The house, with its tower, its encircling verandahs and original timber louvre protection, is the only one of its kind in Cottesloe.

It was built at the turn of century by wealthy mining investor J Campbell for his father, a Cottesloe Councillor. 

Built of limestone c 1893 in the Federation style, with contrasting painted quoins and trims to the walls and square tower. The tower is 10m high with a tall finial on the topside and has windows on all sides that give views of sea and coast.

Timber Juliet balconies jut out on two sides (other two removed). Surrounding verandah has simple timber posts and balustrading. Western aspect infilled with windows and louvres.

Belevedere, with its unusual tower, is a landmark in the area and forms part of a precinct indicative of the early residential form of Cottesloe and representative of part of the historical foundation of the suburb.

Classified by the National Trust.

History:

Belvedere is a single storey limestone residence constructed, in 1897, by a wealthy mining investor, J. J. Campbell. 

Campbell managed a tin mine in Queensland and built Belvedere for his father, mother and siblings. Thomas Campbell, (J. J. Campbell's father) was later to become a member of the Cottesloe Roads Board and, subsequently, a Cottesloe Councillor in the first Council. 

The place was used as a family residence until the 1930s when it was let out as a boarding house for men. In 1974, the house was put on the market as a development site but purchased by Loretta and Tom Pell, who restored, and renovated, the house for family use.

  • Last sold for $5,200,000 on 23/03/2013

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Colwyn, 50 Victoria Avenue Claremont

Colwyn, 50 Victoria Avenue Claremont 

'Colwyn' is one of the grandest heritage residences in Claremont.

The house, with its full width verandahs surmounted by a splendid terracotta shingle roof, is a landmark to both Victoria Avenue and the Swan River foreshore.

Constructed for Arthur Bunning, one of the notable timber merchants of the day, the house was a showcase for the use of Western Australian timbers and the standard of craftsmanship available in the heyday of the Gold Boom era, particularly the decorative joinery in the interiors.

This extensive restoration of 'Colwyn' has been a labour of love for the owner / builder and is a credit to the tradesmen employed on the project.

Project Details:
Working with the original character of the house, views to the river beyond and the street presence of the house was reinstated.

The front of the house is presented with a symmetrical courtyard set between a pair of carports. Carefully planned additions and adaptations to the original layout include ensuite facilities, study, home theatre and a greenhouse breakfast room.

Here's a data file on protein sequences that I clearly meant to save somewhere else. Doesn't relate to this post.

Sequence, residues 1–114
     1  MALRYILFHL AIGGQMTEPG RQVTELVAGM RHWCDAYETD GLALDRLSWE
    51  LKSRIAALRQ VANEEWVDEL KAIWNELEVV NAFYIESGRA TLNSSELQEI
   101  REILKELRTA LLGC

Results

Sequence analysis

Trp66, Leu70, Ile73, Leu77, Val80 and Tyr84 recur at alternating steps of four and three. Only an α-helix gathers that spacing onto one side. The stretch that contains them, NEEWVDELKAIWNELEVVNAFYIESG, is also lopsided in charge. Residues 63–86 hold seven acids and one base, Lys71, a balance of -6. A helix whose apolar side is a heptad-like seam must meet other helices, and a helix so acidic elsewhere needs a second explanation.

The formal lounge and dining room, kitchen and family spaces were adapted from the original rooms housing similar activities. Void spaces found behind existing walls which were not part of the original layout of the house were cleverly adapted into sauna, cellar and laundry.

Completion Date: 2009

Awards:

  • 2009 Australian Institute of Architects, Heritage Council of Western Australia, Heritage Conservation Award - Commendation

  • Housing Industry Association – NAB WA Housing Awards, Renovations / Alterations Project of the Year, Builder - Olympic Holdings Pty. Ltd

  • Sep 2011 Private Sale $4,750,000

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Dalkeith House 160 High St Fremantle 

This house, which is on the eastern side of Queen's Square, was built in 1897 for James Gallop. It had fallen into disrepair in 1974 when it became the premises of the Community School (Fremantle).

It was later the home of a Mayor of the City of Fremantle, and later again a Buddhist centre. It is one of the buildings which the Fremantle Society claims to have saved from demolition.

  • James Gallop arrived in 1829 aboard the Lotus, with his brothers Richard and Edward, all from a Thakeham, West Sussex workhouse. He and Richard (Edward drowned) were successful in growing vegetables and grapevines.

 

James in the 1870s bought Adam Armstrong's farm containing Dalkeith Cottage (which gave its name to the suburb) and built a two-storey house now known as Gallop House.

  • In 1897 he had built at 160 High St a residence called Dalkeith House. In 1904 he had built the King's Theatre, which was also known as the Dalkeith Opera House, at 52-62 South Terrace. He is the great-great-grandfather of former WA Premier Geoff Gallop. There is a street in Hilton named after him.